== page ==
In 1936 Chris moved to Stanthorpe, where he screened movies in a leased hall. He married Effie Sourry, whose father Peter was in partnership at the Arcadia Theatre in Armidale and was the first Greek exhibitor in Australia. With Peter’s help, the couple bought the Arcadia Theatre in Stanthorpe in 1938. A decade later, Chris stood beside his friend Charles Chauvel on the stage of the Arcadia when Sons of Matthew opened to a packed house. During the fifteen years that the couple had this theatre, they also ran the Rex Theatre in Wallangarra and acquired two grazing runs and a wolfram mine. Chris became president of the Stanthorpe Racing Club and the Centaur House fundraising committee.
The family went to Brisbane around 1952. They bought the State Theatre (Red Hill), Griffo’s Milk Bar and Casket Agency (Albert Street), and the Embassy Theatre (Fortitude Valley). Then disaster struck again—television arrived and picture theatres became a thing of the past. In 1961 Chris sold the Embassy and bought a 42,000-acre property at Charleville—which his son James managed—and took over the lease on the local cinema. He had opened a drive-in cinema at Aspley in 1957—the second in the state—then others at Strathpine and Redcliffe, and these subsidised the farms during the droughts of the 1970s. Chris sold the Charleville theatre, and around 1980 he sold the properties too, but the man who had arrived as a teenager almost sixty years, been dragged down the main street of Inglewood, and faced the calamitous influence of the ‘talkies’ and television, still recognised opportunity when he saw it: in 1982, then in his late 70s, Chris built a bowling alley next to the Redcliffe drive-in.
Chris Sourris was a pioneer and an entrepreneur who walked beside legendary figures like Harry Corones and Charles Chauvel, but the degree to which a humble café might prove a pathway to success for Greek migrants is most evident in the fortunes of his son. James Sourris was equally enchanted by the big screen and, apart from a decade working the family’s property at Charleville, has spent a lifetime in the motion picture industry. He started as assistant projectionist at the Beach Theatre in Sandgate, then managed the Embassy and Charleville theatres and the Aspley, Redcliffe and Strathpine drive-ins, owned the Toombul Cinema—Australia’s first shopping centre complex—and the Village Twin, and co-founded Australian Multiplex Cinemas, which included cinemas at Sunnybank, Noosa, Stafford, Redcliffe, Tweed City and Frankston. James was president of the Motion Picture Exhibitors Association of Queensland in the early 80s and was awarded the Order of Australia (AM) in 2011 for service to the arts and the community through the development of the motion picture industry and through philanthropic contributions, particularly to the Queensland Art Gallery and the State Library of Queensland. Imagination, daring and resilience echo throughout the story of the Sourris family in Australia. And the story begins with a small, unnamed café in Western Queensland.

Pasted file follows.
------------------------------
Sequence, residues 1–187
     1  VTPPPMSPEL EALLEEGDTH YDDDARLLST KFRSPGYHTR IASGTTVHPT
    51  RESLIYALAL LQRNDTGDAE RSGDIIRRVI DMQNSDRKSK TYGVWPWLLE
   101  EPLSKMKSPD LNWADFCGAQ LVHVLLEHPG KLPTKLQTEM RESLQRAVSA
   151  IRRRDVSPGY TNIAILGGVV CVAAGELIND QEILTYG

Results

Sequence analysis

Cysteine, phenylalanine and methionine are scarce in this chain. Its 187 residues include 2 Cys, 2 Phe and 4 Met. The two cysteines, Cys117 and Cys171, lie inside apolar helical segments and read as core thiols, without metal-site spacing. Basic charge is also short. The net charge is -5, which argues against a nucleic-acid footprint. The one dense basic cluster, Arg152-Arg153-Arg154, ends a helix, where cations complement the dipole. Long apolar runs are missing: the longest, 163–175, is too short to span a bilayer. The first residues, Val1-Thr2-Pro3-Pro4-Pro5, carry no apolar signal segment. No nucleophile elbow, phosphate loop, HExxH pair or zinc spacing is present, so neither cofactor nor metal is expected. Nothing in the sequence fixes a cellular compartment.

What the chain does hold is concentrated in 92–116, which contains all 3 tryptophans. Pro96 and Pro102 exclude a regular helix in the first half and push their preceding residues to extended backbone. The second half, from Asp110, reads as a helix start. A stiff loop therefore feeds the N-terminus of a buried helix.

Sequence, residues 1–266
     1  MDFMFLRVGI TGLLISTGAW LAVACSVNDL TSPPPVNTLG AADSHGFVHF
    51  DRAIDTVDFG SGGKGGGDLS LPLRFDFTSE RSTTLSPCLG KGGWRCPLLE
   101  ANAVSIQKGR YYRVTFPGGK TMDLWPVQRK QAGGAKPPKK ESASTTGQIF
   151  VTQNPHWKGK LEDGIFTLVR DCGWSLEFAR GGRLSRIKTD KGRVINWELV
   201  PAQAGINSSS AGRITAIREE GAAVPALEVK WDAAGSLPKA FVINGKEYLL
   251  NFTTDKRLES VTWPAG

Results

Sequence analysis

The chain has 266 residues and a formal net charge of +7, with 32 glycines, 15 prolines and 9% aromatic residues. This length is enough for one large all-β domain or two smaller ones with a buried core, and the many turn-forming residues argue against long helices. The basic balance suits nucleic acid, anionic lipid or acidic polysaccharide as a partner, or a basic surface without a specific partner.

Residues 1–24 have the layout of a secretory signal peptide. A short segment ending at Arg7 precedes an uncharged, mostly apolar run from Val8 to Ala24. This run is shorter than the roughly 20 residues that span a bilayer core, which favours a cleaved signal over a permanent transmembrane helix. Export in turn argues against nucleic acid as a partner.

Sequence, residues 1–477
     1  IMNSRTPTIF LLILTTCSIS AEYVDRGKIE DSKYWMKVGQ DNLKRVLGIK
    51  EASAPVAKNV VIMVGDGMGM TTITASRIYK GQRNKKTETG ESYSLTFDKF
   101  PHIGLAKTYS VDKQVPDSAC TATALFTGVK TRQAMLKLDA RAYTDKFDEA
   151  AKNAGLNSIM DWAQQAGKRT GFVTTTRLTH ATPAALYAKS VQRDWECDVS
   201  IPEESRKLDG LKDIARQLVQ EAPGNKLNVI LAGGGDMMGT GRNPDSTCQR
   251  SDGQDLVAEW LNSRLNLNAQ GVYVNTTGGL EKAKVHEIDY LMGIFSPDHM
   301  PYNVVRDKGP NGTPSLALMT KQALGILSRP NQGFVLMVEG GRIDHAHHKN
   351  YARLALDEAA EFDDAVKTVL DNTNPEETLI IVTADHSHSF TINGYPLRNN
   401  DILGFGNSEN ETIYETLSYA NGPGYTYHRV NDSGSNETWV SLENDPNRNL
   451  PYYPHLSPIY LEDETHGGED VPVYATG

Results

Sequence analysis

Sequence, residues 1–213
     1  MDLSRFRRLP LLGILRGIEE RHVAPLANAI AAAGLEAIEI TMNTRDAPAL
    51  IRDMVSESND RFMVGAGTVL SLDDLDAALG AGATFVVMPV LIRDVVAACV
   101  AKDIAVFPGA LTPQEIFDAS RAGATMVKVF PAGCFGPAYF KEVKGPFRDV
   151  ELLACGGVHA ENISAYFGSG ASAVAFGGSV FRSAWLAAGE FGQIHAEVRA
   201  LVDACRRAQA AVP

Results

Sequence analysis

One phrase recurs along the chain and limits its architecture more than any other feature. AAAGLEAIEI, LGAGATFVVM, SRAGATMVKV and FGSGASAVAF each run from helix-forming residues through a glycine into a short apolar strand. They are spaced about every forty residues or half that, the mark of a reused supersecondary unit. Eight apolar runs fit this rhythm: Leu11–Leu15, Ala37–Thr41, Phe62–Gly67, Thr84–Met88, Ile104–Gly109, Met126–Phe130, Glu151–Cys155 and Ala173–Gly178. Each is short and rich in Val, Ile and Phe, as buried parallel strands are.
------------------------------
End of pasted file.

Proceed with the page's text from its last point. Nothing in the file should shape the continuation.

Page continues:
(Photographs courtesy of Mr James Sourris)